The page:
Antonio Morassi. A Complete Catalogue of the Paintings of G. B. Tiepolo. London, 1962, pp. 37, 68, calls it one of the most splendid large modelli by Tiepolo.
"Review of J. Byam Shaw's "Drawings of Domenico Tiepolo"." Times Literary Supplement (August 31, 1962), p. 652, attributes it to Domenico and calls it a "pastiche skillfully constructed from selected portions" of the Würzburg ceiling, "not a preparation . . . but done after it".
Gerhard Bott. Giovanni Battista Tiepolo: Das Fresko im Treppenhaus der Würzburger Residenz. Stuttgart, 1963, pp. 8–10, figs. 12–13, describes it as Tiepolo's "Modell" for the Würzburg ceiling, probably the one presented to the prince-bishop.
Francis Watson. "G. B. Tiepolo: Pioneer of Modernism." Apollo 77 (March 1963), pp. 247–48, argues that it was made as a record of the Würzburg ceiling by Domenico Tiepolo, because it is painted on a red bole ground and because the proportions of the figures in relation to the overall dimensions of the composition differ from those of the ceiling fresco; suggests tentatively that a series of Domenico's red chalk drawings after the frescoes were "actually produced with the idea of the modelletto in mind".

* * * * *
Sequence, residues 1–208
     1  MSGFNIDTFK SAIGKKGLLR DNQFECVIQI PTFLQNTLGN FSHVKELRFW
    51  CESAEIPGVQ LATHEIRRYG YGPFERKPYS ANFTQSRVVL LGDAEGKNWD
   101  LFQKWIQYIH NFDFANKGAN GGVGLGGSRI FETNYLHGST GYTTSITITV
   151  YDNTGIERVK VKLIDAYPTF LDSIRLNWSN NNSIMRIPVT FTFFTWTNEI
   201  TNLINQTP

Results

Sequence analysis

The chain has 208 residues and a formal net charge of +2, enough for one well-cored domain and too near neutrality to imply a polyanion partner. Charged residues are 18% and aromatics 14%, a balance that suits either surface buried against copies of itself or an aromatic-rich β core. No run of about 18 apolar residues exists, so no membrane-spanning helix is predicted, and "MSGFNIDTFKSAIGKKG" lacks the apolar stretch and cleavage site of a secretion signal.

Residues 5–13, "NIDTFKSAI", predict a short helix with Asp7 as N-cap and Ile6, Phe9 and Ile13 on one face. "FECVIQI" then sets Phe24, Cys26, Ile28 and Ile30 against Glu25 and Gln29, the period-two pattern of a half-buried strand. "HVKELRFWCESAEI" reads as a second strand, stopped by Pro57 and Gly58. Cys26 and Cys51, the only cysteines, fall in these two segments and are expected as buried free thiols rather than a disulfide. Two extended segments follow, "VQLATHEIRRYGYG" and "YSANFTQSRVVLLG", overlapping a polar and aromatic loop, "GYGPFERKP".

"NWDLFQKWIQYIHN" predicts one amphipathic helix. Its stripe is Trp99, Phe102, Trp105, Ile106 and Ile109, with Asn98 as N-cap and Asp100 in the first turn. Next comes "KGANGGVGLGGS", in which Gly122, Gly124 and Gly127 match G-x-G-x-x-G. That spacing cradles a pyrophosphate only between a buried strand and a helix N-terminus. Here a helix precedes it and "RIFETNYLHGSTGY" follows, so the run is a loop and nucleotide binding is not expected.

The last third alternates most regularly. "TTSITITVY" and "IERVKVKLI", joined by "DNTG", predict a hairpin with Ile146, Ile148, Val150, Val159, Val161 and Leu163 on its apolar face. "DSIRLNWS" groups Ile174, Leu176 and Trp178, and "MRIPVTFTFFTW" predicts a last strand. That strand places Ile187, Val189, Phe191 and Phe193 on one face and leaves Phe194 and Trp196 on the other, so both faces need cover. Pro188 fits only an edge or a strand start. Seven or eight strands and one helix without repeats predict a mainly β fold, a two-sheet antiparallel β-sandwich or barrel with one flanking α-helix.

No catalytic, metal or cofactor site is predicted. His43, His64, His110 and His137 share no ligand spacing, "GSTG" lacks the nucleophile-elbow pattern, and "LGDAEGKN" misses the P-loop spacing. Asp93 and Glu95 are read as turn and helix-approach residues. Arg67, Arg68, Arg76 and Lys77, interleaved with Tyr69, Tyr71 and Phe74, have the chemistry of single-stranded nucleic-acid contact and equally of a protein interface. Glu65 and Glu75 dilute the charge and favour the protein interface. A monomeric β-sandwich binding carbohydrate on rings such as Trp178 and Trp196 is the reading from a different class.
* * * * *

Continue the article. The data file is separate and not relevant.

Gerhard Bott. "Zur Ikonographie des Treppenfreskos von Giovanni Battista Tiepolo in der Würzburger Residenz." Anzeiger des Germanischen Nationalmuseums (1965), pp. 140–64, fig. 2, considers it an autograph work by Giovanni Battista Tiepolo, very likely the sketch that was presented to the prince-bishop on April 20, 1752; discusses the iconography of the fresco.
Anna Pallucchini in L'opera completa di Giambattista Tiepolo. Milan, 1968, pp. 116–17, no. 199, fig. 199 d-h, accepts it as the sketch that Tiepolo presented to the prince-bishop in 1752.
Claus Virch. "Dreams of Heaven and Earth: Giambattista and Domenico Tiepolo in the Wrightsman Collection." Apollo 90 (September 1969), pp. 173–74, 176–78, fig. 3, attributes it to Giambattista, rejecting the notion that it could have been made by Domenico.